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Fitted up: The Mitcham Co-op murder


On a dark autumnal night in 1962 three young men arrived at the Tooting Co-op building in a grey Austin Cambridge. Two of the men, brandishing guns, held up the cashier, while the other one, also armed with a Luger pistol kept lookout. A Co-op worker named Dennis Hurden happened to be passing by the cashier’s office and was told to keep still and not move; he continued walking and the gunman panicked and shot him in the face. He died instantly.

The masked robbers left with just £500. As they made their getaway over a bridge and down to where their car was parked they were noticed acting suspiciously and the number plate was taken down by a member of the public.

It was not long before one of the men, Phillip Kelly, was tracked down and arrested. 

Because a night watchman had thought he saw four men in the car the police were convinced that there were another three men involved. Connelly and Hilton, the other two, were quickly rounded up and charged with robbery but they all denied the murder.

Kelly was taken up to the attic room of Tooting police station and his head was repeatedly submerged in a water tank until he was ready to finger another man for both robbery and murder.

George Thatcher, a safe blower and petty criminal on parole and living in a hostel inside Pentonville prison in North London was the unlucky man. He was picked up and driven to Tooting police station where he was stripped naked and left for over 8 hours. He denied all knowledge of the crime and they eventually released him. He was later rearrested and charged with capital murder, which carried the death sentence. His trial at the Old Bailey was a farce. His counsel, the renowned Christmas Humphreys who had successfully prosecuted Ruth Ellis and Bentley and Craig, spoke to George for barely fifteen minutes during the three week trial. The police lied in the witness box. The three actual robbers kept silent and the judge was extremely biased in his summing up.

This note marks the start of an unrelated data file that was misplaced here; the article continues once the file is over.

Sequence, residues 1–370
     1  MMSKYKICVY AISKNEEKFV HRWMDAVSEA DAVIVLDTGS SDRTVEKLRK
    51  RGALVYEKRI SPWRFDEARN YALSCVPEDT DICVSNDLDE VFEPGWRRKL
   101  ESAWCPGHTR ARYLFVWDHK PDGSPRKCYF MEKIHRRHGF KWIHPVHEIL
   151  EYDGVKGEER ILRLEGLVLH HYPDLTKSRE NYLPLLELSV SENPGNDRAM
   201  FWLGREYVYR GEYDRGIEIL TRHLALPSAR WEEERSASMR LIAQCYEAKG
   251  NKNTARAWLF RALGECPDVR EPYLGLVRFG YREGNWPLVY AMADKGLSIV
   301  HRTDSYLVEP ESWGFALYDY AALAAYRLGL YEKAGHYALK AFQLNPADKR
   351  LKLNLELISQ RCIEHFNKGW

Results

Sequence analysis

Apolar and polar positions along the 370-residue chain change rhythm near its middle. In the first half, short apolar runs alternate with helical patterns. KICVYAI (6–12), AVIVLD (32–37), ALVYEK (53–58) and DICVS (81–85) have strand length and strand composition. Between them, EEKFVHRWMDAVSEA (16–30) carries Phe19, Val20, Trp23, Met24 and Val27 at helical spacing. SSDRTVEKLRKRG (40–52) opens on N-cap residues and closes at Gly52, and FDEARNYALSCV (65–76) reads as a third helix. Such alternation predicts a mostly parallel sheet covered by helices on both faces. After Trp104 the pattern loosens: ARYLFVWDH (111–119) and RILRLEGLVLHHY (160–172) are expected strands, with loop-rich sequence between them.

After Judge Roskill donned the black cap and sentenced George to hang by the neck until dead, Phillip Kelly stood up in the court and shouted, ‘I killed Dennis Hurden’, but it was too late. Kelly later confessed to a Catholic priest in Brixton prison but it was ruled as ‘inadmissable evidence’. 

Here is a very revealing letter Phillip Kelly wrote to a friend: George spent four weeks in the death cell at Wandsworth before his death sentence was repealed. Fast forward ten years and the playwright David Halliwell (who wrote the hit 60s play Little Malcolm and his struggle against the eunochs) replied to an advert in the New Statesman which said ‘Lifer needs Help’. The lifer was George Thatcher.

David encouraged George, already an accomplished painter, to write about his life and experiences in prison and in the death cell, waiting to die. David, Michael Elphick (the actor) and I visited George in the Albany prison on the Isle of Wight. We smuggled out his first play in the back of one of George’s landscape paintings. It was performed at the Little Theatre in St Martin’s lane.

His second play called The Only Way Out was produced at the Royal Court with Brian Croucher as George and Oliver Smith as the guard. It was the last ever review by Sir Harold Hobson, the distinguished critic of the Sunday Times

George spent eighteen years in prison for a crime he did not commit. The policeman in charge of his case shot himself. Over 500 police officers left the force under the cloud of corruption. No one has apologised. He later found happiness with his wife Val living in the west of Ireland. 

George Thatcher’s autobiography Fitted Up is a riveting account of poverty, injustice, incompetence, skulduggery, survival and, ultimately, freedom. Sadly, George has passed away. He knew his story would be published but his fight to see justice done was never completed.

By Anthony May

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